LONDON (AFP) - Britain is extending its air strikes against Islamic State in Iraq and Syria (ISIS) group targets in Iraq by a year to March 2017, Defence Secretary Michael Fallon said in comments broadcast Tuesday.
The announcement represents a second reprieve for the squadron of ageing Tornado GR4 fighter bombers currently based in Cyprus which was due to be disbanded first this year and then next, and will now be kept on.
"We want to ensure we maintain this crucial operational tempo and so we will extend the lifetime of Number 12 Squadron for a further year to March 2017," Fallon told the BBC during a visit to Baghdad.
The Tornado jets are carrying out air strikes, reconnaissance and surveillance over Iraq as part of US-led operations.
Britain is not currently taking part in air strikes on targets in Syria.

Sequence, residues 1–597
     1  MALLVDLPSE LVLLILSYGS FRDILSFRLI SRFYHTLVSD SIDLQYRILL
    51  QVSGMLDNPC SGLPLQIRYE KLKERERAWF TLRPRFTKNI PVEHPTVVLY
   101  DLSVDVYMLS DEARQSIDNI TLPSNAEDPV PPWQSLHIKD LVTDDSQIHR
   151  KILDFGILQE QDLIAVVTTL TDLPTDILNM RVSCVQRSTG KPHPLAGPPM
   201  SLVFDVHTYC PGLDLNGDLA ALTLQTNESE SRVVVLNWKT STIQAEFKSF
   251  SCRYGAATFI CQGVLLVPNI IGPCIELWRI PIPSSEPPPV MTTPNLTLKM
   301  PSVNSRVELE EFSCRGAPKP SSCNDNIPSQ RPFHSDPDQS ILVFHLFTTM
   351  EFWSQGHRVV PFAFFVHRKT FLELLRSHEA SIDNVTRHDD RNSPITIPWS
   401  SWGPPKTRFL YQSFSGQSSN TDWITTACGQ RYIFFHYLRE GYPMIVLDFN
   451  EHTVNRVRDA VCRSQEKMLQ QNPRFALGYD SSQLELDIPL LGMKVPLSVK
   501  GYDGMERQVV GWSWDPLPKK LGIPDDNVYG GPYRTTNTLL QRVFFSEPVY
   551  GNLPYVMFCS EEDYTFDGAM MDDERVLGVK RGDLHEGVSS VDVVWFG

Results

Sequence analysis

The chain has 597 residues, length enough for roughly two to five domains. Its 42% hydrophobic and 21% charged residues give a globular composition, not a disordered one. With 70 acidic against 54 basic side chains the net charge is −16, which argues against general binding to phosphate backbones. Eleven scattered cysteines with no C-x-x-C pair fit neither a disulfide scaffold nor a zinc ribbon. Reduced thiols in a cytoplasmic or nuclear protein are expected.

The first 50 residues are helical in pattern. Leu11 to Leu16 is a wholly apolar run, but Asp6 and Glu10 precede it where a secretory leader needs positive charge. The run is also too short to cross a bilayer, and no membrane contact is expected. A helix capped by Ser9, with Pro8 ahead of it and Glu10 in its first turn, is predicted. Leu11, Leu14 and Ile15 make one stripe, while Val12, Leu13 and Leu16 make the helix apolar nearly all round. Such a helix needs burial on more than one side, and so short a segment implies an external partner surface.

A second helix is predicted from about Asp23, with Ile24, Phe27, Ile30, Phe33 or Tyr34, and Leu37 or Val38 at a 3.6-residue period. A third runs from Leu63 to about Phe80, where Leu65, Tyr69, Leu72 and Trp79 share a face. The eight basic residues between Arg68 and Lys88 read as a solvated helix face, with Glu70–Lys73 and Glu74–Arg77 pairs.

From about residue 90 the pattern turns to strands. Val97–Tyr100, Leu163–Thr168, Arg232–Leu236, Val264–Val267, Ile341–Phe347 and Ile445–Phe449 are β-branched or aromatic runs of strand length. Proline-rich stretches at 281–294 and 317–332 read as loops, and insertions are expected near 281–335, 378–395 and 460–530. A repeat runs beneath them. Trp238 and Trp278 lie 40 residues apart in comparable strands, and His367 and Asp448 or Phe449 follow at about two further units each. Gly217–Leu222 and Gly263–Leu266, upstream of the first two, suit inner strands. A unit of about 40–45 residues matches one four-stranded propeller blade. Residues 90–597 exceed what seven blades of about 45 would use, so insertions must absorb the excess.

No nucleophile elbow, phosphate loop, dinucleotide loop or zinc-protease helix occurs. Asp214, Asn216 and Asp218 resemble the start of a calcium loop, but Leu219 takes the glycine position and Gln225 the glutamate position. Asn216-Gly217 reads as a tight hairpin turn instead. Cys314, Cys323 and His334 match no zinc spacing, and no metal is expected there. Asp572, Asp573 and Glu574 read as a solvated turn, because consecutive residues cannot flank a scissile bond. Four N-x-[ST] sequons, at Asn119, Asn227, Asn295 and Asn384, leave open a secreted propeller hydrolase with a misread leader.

But Prime Minister David Cameron favours exploring a second vote to gain support for that later this year once the main opposition Labour party elects a new leader in September.
He hopes the new Labour chief could give him the support needed to get the move through the House of Commons, where he has a majority of only 12.
Parliament approved the Iraq air strikes last September.
Fallon said the rest of the international coalition "would welcome" the Tornado jets joining strikes against ISIS targets in northern Syria but that the British parliament would have to vote on the issue.
"At some point, the new parliament will have to reflect on the illogicality of our planes turning back, if you like, at the border while other countries fly on," Fallon told the BBC.
Last month, two Brimstone missiles fell off a British Tornado as it landed at RAF Akrotiri in Cyprus, a staging post for sorties and surveillance against ISIS group targets in Iraq, after a military operation.